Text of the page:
We could talk about climate change driving bigger and badder storms and making relief much harder, how we need to stop burning fossil fuels now, etc., etc., ad nauseam, but for many people in Florida who have had their lives upturned by Hurricane Ian, it’s already too late for any of that to help.
— The Original Volvo Jo (@Volvojo1) September 30, 2022
As a former Floridian and generally someone who cares about the other humans (some of you, anyway), I often look at disasters like Hurricane Ian and struggle with what to say or do about it. I imagine that’s a pretty common response.
That said, I’ve been through Hurricanes Gilbert, Andrew, Charlie (which followed almost exactly the same path as Ian did in 2004), and Katrina. By 2005, I’d had enough, and moved North – first up the coast of Florida, then out of the state altogether. My family and were brutalized by hurricanes, in other words, and while that might help smarter, better writers come up with the words they need to express how they feel looking at the storm’s damage … well, I’m not them.
I am at a loss, and I imagine other people are, too. To those of you asking yourselves, “How can I help?” though, I have an answer: give money. Here are some great places to do the giving.
- American Red Cross
The Red Cross is a non-profit humanitarian organization that provides emergency assistance, disaster relief, and medical attention to people in the midst of natural disasters. They’re one of the better charities out there, with a high percentage of donations going directly to aid. They’re already on the scene in Florida, and they will be among the first to respond to the disaster once it finally unravels itself somewhere around PA.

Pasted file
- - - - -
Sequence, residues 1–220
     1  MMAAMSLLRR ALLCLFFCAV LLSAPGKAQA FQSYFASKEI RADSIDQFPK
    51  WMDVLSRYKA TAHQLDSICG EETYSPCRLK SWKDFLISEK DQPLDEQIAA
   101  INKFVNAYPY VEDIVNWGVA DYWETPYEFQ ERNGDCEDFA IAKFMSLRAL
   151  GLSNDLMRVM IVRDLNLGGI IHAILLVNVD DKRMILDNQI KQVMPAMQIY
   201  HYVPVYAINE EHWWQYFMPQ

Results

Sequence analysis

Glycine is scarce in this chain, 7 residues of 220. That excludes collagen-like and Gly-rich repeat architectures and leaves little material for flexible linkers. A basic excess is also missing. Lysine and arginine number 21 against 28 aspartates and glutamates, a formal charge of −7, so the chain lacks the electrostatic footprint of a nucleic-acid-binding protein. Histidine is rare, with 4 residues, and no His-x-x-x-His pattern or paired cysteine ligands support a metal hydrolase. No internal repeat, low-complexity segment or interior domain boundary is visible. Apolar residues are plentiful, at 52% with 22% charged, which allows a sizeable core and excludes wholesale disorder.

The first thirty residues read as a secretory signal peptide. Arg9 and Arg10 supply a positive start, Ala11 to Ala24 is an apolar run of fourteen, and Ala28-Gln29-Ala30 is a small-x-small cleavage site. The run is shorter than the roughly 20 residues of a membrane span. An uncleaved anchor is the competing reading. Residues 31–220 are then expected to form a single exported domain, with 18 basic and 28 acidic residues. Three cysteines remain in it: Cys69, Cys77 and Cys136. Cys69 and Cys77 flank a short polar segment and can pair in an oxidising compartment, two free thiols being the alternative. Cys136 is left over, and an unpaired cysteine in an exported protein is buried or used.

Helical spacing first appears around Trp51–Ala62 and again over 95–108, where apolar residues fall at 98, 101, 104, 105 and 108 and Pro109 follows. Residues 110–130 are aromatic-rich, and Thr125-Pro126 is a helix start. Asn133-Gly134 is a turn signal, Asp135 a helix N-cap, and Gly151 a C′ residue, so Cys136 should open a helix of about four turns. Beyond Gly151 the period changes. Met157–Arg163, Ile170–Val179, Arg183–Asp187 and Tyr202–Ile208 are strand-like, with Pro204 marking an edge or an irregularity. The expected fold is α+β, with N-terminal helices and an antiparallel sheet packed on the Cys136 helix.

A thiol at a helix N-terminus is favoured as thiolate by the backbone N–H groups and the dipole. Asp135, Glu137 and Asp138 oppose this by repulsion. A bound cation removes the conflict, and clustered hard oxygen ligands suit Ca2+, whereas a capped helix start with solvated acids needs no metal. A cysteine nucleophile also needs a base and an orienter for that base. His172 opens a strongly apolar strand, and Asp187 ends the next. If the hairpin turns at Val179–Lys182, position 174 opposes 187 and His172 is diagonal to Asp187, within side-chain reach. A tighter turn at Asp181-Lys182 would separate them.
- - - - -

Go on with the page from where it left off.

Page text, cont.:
Another humanitarian charity, UNICEF focuses its energy and resources providing for children – especially providing medical care, food, and other basic needs to children who are “on their own.” Think orphans or fostered/group home kids and you’ll get the idea. UNICEF is also on the ground in Puerto Rico, Cuba, and other nations impacted by the storm, and if the scope of your concern extends there, these guys may be who you’re looking for.
- Meals on Wheels
A charity I’ve donated time and money towards in the past, these people bring food to some of the most vulnerable people in a community – many of whom couldn’t evacuate if they wanted to, and who may have been stuck inside flooded homes. More than once, the Meals on Wheels delivery people have been the ones to find people trapped in their damaged homes – and they are already back in service in the most heavily hit areas.
- American Humane
If you’re one of the many, many people who are worried about the four-legged victims of the hurricane, American Humane teams are already rushing to the state of Florida to assist with time-sensitive water search and rescue operations. They were incredibly effective in New Orleans after Katrina, and I imagine they have plenty of work ahead of them in Florida.
The Automotive Aftermarket Charitable Foundation (or AACF) is significantly more niche that the rest. Established by a number of SEMA member companies to support members of the automotive community who have fallen on hard times. While not specifically a disaster response organization, Zachary Shahan once called me, “the most ‘car guy’ car guy,” and that may be so. These are my people, and if the Fast and Furious franchise has taught us anything, it’s that car people are family. A few months back, I wrote about Florida being America’s version of Turin over at the Truth About Cars, where all the cool car concepts are born (heck, even Rivian got its start in Florida– and the name, “Rivian,” is a play on the Banana River), and those guys are very definitely hurting right now.
I’m sure there are more that I’m missing, and many other causes and events that will be raising money for the victims of the storm in the coming weeks. Still, pretend I’m a better writer than I am and go donate something, somewhere, to help someone. A lot of someones will need it.
Original content from CleanTechnica.
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